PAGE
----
According to the CDC, infertility is defined as “not being able to get pregnant (conceive) after one year (or longer) of unprotected sex,” which affects nearly 10 percent of women in the U.S. At this year’s ESSENCE Wellness House, panelists Veronica Gillispie-Bell, MD, FACOG, reproductive endocrinologist Stephanie Marshall Thompson, MD, and moderator Barkue Tubman-Zawolo of ESSENCE took part in a timely conversation surrounding “Delayed Motherhood and Infertility” in order to bring light to the subject.
During the discussion, Gillispie-Bell, board-certified OB-GYN and head of Women’s Services at Ochsner Health, emphasized the importance of normalizing discussions about fertility issues, sharing that “recognition is key.”
“There’s no shame in infertility,” she says. “We need to normalize infertility as a medical diagnosis.”
Gillispie-Bell, who has experience treating uterine fibroids and providing guidance for women of color on their fertility journey, continued by adding that breaking down stigmas can allow women to better advocate for themselves on their fertility journey.
“When the stigma of not being able to or experiencing difficulty conceiving is removed, patients can confidently approach their OB-GYN,” she explained.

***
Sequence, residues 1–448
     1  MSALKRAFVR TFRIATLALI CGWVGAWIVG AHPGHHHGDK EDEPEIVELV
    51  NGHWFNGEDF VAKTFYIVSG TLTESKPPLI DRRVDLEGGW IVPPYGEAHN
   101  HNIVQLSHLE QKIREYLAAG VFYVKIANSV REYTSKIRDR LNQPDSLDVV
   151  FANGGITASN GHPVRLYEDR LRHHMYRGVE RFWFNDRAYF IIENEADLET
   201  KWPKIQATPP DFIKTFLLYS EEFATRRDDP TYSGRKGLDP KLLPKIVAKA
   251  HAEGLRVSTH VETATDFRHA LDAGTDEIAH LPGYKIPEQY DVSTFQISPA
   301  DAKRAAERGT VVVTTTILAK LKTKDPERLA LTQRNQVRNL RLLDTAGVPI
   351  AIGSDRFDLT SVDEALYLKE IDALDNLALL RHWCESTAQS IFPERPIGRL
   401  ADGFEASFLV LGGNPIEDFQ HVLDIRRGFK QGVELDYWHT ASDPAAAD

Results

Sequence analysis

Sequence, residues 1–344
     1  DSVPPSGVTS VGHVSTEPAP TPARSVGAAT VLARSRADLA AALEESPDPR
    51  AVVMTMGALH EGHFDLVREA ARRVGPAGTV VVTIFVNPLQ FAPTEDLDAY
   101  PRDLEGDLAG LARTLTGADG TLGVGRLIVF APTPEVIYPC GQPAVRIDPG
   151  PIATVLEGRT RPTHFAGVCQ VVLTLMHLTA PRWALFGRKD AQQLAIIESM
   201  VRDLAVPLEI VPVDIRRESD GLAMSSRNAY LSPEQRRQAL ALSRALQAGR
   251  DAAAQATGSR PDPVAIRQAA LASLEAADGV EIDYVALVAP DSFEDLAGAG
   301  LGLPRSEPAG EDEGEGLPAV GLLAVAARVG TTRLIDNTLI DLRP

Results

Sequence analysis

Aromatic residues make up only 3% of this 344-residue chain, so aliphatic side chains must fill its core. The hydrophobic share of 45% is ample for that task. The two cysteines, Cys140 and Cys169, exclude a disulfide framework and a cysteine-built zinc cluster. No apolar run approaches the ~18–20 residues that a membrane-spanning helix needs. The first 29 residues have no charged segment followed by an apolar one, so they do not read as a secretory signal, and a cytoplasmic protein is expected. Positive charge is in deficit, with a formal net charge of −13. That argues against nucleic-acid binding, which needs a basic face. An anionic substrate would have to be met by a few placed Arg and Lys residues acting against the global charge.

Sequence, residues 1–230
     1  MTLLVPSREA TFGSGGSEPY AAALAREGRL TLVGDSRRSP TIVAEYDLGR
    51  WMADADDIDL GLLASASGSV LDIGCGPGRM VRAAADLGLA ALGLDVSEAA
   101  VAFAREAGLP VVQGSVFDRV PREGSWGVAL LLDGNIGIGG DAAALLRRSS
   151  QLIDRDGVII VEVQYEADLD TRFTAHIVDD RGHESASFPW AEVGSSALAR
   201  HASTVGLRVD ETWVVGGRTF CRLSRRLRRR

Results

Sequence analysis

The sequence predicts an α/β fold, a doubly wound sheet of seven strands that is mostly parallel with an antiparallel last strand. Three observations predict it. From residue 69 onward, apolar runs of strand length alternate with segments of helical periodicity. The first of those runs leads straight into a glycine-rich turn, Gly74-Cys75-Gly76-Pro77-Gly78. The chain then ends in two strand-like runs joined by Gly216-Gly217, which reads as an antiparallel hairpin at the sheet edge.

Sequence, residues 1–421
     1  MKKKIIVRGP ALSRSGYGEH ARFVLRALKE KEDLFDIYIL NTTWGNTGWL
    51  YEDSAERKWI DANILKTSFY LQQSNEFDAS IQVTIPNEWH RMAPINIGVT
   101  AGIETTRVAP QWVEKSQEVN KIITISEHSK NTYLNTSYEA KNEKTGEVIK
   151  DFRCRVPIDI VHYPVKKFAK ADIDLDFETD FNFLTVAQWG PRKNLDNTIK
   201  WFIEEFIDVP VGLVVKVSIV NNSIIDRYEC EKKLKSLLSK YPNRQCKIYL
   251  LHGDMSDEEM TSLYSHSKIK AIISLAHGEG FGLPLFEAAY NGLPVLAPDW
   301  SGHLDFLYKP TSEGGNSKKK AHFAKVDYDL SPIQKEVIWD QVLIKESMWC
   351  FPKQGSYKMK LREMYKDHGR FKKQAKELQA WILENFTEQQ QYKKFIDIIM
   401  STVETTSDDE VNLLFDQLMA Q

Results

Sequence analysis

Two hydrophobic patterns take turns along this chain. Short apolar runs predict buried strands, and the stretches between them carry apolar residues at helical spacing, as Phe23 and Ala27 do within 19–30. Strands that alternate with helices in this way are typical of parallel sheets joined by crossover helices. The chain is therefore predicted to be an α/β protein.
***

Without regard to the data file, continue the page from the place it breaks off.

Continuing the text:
Infertility specialist Stephanie Marshall Thompson also highlighted the value of getting an early start on protecting one’s fertility by looking into egg freezing options.
“Egg freezing is most successful the younger you are, yet the journey is still an option for women who freeze up into their early 40s given advancements in technology over the last 15 years,” she remarked.
The segment hit home for one audience member, Jasmine Moore, who shared how seeing Black women take part in this discussion empowered her to better understand the range of fertility options available to her and others, no matter their socioeconomic background.
“It was really awesome to hear Black female doctors specializing in that area who could give guidance and discuss that there’s a possibility for people to freeze their eggs — especially for those who may think it is not affordable or who may be in a gray area deciding whether they want to have kids,” she shared.
To learn more about your fertility options, the experts recommend starting by talking with your gynecologist. For additional resources, visit the National Infertility Association website or the American Society for Reproductive Medicine online at asrm.org.